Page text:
Intermediate Fiction

gidwitz_grimmconclusionGidwitz, Adam The Grimm Conclusion
354 pp. Dutton 2013. ISBN 978-0-525-42615-8
From the beginning, when their wicked stepfather tricks Jorinda into thinking she has decapitated Joringal (A Tale Dark & Grimm; In a Glass Grimmly), this is gruesome, grisly fun. It’s not until the siblings visit the narrator in his Brooklyn classroom that they learn the importance of telling their stories. Despite the gleeful horror, this is ultimately a warm and empathetic novel.

giff_water+streetGiff, Patricia Reilly Water Street
164 pp. Random/Lamb 2006. ISBN 0-385-73068-3 LE ISBN 0-385-90097-X
The story begun in Nory Ryan’s Song continues: it’s now 1875, and Nory is a hardworking healer/midwife; her thirteen-year-old daughter Bird aspires to be just like her. The barely nascent Brooklyn Bridge serves as a metaphor for Bird’s coming of age — and for the fortunes of her family and friends. Though the plot in this optimistic novel is tidily symmetrical, Giff sidesteps predictable situations.

gratz_brooklyn-nineGratz, Alan The Brooklyn Nine: A Novel in Nine Innings
308 pp. Dial 2009. ISBN 978-0-8037-3224-7
Interlinked short stories set between 1845 and 2002 offer snapshots of nine generations of a New York City family of German Jewish immigrants and their involvement with America’s favorite pastime. With an impressively cohesive mix of sports, historical fiction, and family history, Gratz has crafted a wonderful baseball book that is more than the sum of its parts.

hess_brooklynbridgeHesse, Karen Brooklyn Bridge
232 pp. Feiwel 2008. ISBN 978-0-312-37886-8
In 1903 Brooklyn, fourteen-year-old Joe dreams of Coney Island. Interspersed throughout the story of Joe’s family (based on Russian Jews who created the first teddy bear) are third-person segments that poetically describe homeless children living under the Brooklyn Bridge. The narrative includes tightly interwoven elements of multiple genres — adventure, romance, comedy, drama, ghost story — without compromising authenticity of plot or character.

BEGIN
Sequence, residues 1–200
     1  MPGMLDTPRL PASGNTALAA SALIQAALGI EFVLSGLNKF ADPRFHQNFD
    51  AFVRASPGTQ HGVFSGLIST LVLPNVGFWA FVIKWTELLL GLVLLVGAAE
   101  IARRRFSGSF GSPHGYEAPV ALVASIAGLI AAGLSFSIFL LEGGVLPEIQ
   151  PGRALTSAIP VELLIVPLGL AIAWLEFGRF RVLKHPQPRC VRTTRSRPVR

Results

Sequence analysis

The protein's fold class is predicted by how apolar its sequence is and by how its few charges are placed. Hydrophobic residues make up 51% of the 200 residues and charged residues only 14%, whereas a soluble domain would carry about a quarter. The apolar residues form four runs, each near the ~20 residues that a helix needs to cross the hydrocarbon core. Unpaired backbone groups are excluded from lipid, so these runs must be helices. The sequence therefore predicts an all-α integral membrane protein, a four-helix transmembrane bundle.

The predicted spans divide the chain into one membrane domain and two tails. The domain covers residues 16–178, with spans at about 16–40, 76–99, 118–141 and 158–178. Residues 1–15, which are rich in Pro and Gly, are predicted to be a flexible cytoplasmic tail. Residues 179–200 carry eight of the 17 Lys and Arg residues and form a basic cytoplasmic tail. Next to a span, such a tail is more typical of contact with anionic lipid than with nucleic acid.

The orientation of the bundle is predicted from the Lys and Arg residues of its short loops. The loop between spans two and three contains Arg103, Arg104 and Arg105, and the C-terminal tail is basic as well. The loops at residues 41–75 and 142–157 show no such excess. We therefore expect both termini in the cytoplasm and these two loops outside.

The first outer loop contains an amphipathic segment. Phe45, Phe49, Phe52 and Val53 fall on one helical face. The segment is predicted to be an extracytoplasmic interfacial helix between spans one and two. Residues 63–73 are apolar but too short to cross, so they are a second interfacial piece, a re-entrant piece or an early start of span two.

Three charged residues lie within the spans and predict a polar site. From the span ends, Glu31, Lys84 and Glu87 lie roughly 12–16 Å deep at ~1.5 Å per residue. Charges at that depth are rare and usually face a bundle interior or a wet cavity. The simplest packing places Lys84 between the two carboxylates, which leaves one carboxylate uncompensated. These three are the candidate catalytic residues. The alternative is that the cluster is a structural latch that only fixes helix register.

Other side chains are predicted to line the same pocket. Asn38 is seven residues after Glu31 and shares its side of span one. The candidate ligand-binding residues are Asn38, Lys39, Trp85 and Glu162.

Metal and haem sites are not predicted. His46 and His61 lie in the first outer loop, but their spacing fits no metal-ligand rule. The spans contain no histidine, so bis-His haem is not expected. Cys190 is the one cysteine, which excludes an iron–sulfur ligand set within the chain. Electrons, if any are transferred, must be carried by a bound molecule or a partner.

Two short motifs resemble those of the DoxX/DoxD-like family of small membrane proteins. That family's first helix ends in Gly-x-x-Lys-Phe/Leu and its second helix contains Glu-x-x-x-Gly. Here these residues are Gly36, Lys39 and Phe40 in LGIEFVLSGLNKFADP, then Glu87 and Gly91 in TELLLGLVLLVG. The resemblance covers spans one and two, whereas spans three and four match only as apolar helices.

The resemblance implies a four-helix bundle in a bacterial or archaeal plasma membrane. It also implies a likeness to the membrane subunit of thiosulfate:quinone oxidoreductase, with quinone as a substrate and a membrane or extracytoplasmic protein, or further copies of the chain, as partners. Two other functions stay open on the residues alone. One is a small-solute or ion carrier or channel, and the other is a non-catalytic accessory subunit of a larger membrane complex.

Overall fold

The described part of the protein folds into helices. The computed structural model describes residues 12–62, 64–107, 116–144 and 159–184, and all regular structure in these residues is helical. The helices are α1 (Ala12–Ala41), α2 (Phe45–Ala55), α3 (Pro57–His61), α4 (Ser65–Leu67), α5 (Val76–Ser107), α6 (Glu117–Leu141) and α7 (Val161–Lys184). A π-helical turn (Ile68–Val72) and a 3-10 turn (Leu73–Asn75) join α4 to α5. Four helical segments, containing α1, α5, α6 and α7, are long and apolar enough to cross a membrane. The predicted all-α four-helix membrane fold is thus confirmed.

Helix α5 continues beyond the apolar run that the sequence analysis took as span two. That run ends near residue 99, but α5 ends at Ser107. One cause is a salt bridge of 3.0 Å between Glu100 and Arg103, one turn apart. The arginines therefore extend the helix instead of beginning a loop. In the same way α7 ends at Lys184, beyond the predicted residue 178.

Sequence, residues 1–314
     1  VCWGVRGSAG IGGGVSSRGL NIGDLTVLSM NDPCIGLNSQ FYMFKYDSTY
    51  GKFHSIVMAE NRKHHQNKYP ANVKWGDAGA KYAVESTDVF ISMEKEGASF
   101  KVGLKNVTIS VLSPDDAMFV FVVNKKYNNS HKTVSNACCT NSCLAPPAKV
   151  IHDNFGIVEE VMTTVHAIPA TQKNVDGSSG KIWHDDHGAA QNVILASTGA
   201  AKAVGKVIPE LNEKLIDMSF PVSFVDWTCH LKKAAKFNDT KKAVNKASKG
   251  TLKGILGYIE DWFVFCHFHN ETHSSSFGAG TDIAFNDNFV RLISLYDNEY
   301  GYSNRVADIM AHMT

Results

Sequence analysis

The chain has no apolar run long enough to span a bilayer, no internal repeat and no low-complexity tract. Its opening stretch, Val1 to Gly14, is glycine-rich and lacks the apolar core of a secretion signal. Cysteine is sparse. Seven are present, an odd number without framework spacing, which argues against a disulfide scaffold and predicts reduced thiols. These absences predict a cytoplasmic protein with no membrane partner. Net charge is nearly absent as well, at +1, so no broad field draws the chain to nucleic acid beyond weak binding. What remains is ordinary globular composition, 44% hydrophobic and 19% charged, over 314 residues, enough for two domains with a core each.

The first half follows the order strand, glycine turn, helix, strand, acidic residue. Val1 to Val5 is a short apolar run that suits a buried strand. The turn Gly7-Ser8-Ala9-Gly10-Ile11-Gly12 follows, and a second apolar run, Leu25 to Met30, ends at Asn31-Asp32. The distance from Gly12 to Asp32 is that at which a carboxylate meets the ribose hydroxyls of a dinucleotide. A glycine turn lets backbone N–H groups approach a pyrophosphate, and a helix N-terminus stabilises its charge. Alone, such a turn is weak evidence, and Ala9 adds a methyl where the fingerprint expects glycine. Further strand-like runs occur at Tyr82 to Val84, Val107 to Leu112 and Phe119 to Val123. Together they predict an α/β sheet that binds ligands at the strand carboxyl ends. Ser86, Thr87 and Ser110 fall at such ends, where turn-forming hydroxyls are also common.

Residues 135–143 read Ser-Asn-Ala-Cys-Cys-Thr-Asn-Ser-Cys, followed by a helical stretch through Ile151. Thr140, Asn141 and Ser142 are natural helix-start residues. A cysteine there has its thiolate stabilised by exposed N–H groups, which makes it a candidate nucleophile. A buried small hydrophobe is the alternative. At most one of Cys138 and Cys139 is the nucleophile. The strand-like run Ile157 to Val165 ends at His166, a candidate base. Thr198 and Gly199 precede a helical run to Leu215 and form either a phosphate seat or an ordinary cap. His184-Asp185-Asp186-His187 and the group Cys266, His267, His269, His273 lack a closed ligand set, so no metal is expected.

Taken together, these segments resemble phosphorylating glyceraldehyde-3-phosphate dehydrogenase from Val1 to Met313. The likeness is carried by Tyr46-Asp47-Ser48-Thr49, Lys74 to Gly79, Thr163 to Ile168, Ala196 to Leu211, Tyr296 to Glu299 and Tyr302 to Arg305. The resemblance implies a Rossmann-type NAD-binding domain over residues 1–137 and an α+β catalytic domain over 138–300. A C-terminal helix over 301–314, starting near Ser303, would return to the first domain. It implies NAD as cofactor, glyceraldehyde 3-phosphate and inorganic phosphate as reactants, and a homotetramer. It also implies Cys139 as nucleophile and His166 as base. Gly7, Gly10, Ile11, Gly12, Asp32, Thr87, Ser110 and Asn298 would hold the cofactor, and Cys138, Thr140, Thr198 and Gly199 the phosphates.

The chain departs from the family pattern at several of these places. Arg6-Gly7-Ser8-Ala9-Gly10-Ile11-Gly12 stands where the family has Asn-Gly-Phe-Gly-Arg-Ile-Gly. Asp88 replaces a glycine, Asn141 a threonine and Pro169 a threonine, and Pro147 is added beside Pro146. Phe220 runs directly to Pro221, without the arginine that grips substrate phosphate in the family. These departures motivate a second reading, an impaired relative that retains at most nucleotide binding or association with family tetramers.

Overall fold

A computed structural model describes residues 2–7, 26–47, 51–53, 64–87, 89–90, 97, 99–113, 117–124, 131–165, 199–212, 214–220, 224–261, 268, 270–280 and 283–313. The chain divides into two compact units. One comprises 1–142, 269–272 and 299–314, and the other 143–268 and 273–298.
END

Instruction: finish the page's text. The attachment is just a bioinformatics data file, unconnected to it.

margolis_girlsbestfriendjpgMargolis, Leslie Girl’s Best Friend
261 pp. Bloomsbury 2010. ISBN 978-1-59990-525-9
Maggie Brooklyn Mystery series. When dogs start disappearing from her Park Slope neighborhood, Maggie Sinclair, seventh-grader and part-time dog walker extraordinaire, is on the case. Maggie aspires to be Nancy Drew (“old-fashioned” but “way gutsy”) and shrewdly puts together seemingly unrelated events. While the well-crafted mystery is foremost, it’s the relatable, witty protagonist dealing with everyday middle school tribulations that makes this novel stand out.

Liar & SpyStead, Rebecca Liar & Spy
185 pp. Random/Lamb 2012. ISBN 978-0-385-73743-2
LE ISBN 978-0-385-90665-4
Brooklyn seventh-grader Georges’s family has just moved, his best friend has ditched him, and he’s endlessly bullied. So when his new neighbor offers to train him as a spy, Georges figures, why not? Spare and elegant prose, wry humor, deft plotting, and the presentation of complex ideas in an accessible way make this novel much more than just a mystery-with-a-twist.

p.s. be elevenWilliams-Garcia, Rita P.S. Be Eleven
276 pp. HarperCollins/Amistad 2013. ISBN 978-0-06-193862-7
LE ISBN 978-0-06-193863-4
Delphine and her sisters have returned from their mother’s (One Crazy Summer), but home in Bedford-Stuyvesant has become tricky. Pa has a new “lady friend”; their uncle returns from Vietnam greatly changed; and Delphine’s sisters have learned to stand up for themselves. Williams-Garcia brilliantly gets to the very heart of Delphine and each of her family members, creating complex, engaging, and nuanced characters.

woodson_LocomotionWoodson, Jacqueline Locomotion
102 pp. Putnam 2003. ISBN 0-399-23115-3
Like Jack in Creech’s Love That Dog, fifth-grader Lonnie has a teacher who introduces him to poetry and makes him believe in his writing. Woodson, however, more ably convinces us that her protagonist really does have a gift. The sixty poems are skillfully and artfully composed — but still manage to sound fresh and spontaneous. The accessible form will attract readers; Woodson’s finely crafted story won’t let them go.


Young Adult Fiction

Brooklyn, BurningBrezenoff, Steve Brooklyn, Burning
202 pp. Carolrhoda Lab 2011. ISBN 978-0-7613-7526-5
Tossed out by a narrow-minded father, sensitive narrator Kid finds an alternate family with the street kids of Greenpoint, Brooklyn. Kid falls hard for entrancing Felix, a junkie living in an abandoned warehouse. When fire destroys the building, Kid becomes an arson suspect. A moving, personal story of friendship, loss, and love, Brezenoff’s novel is also a tender tribute to all LGBTQ youth.